How To Win a Bid Protest, Part 1: Winning the Protest Starts Before Award

Everybody does it, and everybody resolves never to do it again.  After the rush to submit a proposal, you put it out of your head and get back to your regular work.  After a few months, the notice that you’ve lost hits out of the blue.  You request a debriefing, and the agency gives you some empty assurances that it complied with the RFP.  You decide you need to protest.  It takes a few days to interview different lawyers and wait for them to clear conflicts.  Once they’re on board, they have to read all the materials, develop protest arguments, and draft the lengthy document that will set the course of the entire proceeding.  But by then there are only a handful of days until the filing window closes at GAO.

Waiting until after award — or worse, after debriefing — to start preparing for a protest is a mistake.  You need to start preparing for the possibility of a protest as soon as you think an award is imminent.

1. You will need a lawyer.  Yes, companies can represent themselves in GAO protests.  But since pro se protesters are at a clear disadvantage, few do.  Protesters cannot get access to information about other companies’ proposals or evaluations; only an outside lawyer who is not involved in competitive decision making can.  Without this information, it is impossible to challenge an award effectively.

2. You need to be ready for your debriefing. The debriefing is your chance to learn how and why the agency made its decision.  But many contracting officers believe that the more information they disclose, the more they open themselves to a protest, and so they try to say as little as possible.  But there are strategies, such as submitting written questions, that can help draw out the information you need.  A lawyer will help you figure out what questions to make the most of your debriefing.  

3. Protest deadlines are short and complicated.   We summarize the various bid protest deadlines and jurisdictional rules on our website.  They are complex and unforgiving, especially at GAO.  There are typically only three days to ask for a debriefing.  If you want a “stay” to prevent the awardee from beginning performance of the new contract (and you do), your GAO protest will be due ten days after the award date or five days after the debriefing — assuming that you have the type of procurement where a formal debriefing is required. (For example, Federal Supply Schedule procurements have “brief explanations,” not debriefings, so the deadline always runs from award date.)  And rules differ by agency and protest forum.   The deadlines hit — and options close — very quickly.  You need help figuring this out fast.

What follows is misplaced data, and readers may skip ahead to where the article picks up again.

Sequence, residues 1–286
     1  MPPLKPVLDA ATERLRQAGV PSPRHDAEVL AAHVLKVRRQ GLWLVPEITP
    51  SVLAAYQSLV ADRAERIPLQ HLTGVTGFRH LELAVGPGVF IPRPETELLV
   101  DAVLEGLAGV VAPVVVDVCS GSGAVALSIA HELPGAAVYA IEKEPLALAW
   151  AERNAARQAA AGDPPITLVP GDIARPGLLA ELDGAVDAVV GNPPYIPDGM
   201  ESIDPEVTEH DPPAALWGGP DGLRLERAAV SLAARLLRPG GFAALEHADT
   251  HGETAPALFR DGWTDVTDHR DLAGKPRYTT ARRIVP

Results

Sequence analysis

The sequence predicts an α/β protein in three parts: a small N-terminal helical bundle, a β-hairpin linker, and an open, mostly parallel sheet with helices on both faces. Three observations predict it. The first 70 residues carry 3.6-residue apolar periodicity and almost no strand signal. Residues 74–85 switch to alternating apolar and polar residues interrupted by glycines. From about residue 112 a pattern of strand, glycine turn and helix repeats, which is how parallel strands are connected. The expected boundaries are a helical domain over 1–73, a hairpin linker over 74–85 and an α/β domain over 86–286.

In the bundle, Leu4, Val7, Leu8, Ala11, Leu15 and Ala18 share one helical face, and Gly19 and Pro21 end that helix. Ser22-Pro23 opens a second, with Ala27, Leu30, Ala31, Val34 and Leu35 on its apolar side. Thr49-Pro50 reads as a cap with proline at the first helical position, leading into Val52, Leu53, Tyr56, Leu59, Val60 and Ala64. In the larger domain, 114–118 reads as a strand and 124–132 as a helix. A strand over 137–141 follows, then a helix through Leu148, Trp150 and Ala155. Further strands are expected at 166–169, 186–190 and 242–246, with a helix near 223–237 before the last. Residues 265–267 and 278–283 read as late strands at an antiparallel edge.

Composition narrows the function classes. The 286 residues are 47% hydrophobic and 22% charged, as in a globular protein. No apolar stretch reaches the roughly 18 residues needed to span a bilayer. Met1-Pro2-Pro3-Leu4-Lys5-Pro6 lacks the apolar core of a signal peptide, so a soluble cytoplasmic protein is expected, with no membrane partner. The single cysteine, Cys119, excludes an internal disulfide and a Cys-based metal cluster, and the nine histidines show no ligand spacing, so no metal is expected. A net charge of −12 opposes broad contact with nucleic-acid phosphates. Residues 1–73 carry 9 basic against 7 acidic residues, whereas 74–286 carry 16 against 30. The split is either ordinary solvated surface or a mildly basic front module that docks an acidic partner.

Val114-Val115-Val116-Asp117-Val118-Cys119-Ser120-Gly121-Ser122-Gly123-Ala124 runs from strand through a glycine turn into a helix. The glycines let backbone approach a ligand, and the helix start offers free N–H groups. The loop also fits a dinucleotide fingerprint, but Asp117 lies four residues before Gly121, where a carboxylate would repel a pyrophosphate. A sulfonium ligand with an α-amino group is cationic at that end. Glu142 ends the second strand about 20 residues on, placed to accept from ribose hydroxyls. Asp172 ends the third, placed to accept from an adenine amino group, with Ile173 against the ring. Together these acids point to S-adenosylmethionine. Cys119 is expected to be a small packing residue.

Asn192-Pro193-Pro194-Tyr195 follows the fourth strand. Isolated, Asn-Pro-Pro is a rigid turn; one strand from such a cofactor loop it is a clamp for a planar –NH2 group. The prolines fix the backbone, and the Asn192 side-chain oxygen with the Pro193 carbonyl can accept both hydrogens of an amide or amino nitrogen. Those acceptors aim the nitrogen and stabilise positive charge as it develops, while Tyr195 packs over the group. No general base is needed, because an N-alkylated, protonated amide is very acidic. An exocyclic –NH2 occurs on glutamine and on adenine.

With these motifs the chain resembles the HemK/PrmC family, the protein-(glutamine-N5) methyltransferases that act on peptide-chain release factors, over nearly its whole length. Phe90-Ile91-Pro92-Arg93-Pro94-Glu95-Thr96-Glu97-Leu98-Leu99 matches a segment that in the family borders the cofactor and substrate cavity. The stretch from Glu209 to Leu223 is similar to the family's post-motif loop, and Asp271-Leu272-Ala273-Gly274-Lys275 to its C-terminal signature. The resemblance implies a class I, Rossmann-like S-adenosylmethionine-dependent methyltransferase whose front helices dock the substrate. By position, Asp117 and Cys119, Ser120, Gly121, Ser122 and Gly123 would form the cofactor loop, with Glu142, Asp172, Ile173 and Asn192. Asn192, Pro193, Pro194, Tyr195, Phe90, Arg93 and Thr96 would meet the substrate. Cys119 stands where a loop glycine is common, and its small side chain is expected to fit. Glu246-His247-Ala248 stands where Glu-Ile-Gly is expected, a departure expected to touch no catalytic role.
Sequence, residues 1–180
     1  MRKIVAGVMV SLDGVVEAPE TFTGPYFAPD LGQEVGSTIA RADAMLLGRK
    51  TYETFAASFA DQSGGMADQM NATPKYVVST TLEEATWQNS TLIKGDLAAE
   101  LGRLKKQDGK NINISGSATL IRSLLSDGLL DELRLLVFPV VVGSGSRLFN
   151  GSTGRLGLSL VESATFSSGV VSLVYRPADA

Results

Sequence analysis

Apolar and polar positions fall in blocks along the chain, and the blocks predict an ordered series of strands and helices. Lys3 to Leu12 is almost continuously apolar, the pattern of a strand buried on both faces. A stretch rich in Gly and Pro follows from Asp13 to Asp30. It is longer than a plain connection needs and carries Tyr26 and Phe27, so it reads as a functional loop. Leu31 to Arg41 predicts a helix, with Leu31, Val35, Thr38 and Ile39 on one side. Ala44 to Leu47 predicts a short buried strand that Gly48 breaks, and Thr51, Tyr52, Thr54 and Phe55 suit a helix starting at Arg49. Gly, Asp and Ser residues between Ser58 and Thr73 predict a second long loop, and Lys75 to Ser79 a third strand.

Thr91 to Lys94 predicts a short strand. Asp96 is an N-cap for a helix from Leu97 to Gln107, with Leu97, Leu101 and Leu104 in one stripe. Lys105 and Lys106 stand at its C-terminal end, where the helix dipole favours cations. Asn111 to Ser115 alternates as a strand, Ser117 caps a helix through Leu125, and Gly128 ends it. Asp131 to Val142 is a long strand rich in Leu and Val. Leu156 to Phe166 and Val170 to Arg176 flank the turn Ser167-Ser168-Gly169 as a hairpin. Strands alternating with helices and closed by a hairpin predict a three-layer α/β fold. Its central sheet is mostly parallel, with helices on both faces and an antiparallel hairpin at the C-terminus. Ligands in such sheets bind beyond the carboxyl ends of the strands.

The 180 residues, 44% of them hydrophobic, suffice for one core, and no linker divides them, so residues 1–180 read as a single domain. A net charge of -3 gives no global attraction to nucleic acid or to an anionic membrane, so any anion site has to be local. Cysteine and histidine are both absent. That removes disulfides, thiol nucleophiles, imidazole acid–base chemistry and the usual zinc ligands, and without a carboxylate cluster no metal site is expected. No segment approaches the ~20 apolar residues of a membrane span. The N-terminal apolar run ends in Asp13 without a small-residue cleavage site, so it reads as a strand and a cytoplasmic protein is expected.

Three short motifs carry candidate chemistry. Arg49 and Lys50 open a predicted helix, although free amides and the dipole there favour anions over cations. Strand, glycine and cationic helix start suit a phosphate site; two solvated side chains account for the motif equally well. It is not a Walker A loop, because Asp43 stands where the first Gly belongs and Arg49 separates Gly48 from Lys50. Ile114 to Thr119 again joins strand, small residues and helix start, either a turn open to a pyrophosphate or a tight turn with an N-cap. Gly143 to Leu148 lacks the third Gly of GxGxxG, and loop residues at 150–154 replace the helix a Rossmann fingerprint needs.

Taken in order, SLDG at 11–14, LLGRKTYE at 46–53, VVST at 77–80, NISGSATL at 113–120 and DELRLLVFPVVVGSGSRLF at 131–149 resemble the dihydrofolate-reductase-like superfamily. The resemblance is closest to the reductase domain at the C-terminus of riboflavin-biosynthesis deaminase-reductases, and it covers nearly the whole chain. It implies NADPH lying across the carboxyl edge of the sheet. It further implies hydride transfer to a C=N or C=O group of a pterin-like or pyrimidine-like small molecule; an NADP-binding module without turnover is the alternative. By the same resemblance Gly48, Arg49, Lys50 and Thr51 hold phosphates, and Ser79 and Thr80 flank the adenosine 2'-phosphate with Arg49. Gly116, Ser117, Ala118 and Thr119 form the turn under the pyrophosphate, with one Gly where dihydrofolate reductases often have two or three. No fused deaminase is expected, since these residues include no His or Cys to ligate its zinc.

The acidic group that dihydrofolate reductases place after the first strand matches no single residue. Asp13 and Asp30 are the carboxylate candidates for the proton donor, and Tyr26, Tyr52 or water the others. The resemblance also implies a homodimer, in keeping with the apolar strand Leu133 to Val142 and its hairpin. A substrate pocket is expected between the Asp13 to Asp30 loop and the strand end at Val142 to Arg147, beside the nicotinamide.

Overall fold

4. It takes time to draft a good protest.  In a typical lawsuit, you don’t need to know all your facts and arguments to file a complaint; you can make allegations based on mere “information and belief” and suggest a broad range of legal theories.  A bid protest is different.  The initial protest needs to lay out all of the arguments you can make as of the filing date and cite specific evidence for each.  Failing to do so risks waiving arguments and having your protest dismissed as speculative.  The initial protest filing must be detailed, and it is often lengthy. Drafting a good protest requires a full understanding of the facts, the solicitation, the procedural history, your proposal, the award decision, and the debriefing.  It requires creative thinking to identify every argument that must be raised.  And it requires work on your end:  You need to assemble documents, teach counsel the facts, find out what you can about the awardee, and assemble a team that can rapidly answer counsel’s questions.

Although bid protest lawyers are known for working quickly, the more time you give them to learn the facts, marshal evidence, and develop arguments, the stronger the protest they draft will be.  If your legal team is in place before award, they can start getting up to speed before the filing clock starts ticking.  

The bottom line:  The most prepared companies monitor their active procurements and engage protest counsel as soon as it appears an award is imminent.  By contrast, waiting until after award to start finding counsel risks squandering time exactly when deadlines are shortest.  Waiting may mean you go through the debriefing without counsel’s guidance and fail to get needed information.  And it reduces the time available to prepare an effective protest.


For more information about Frankel PLLC’s bid protest practice, click here.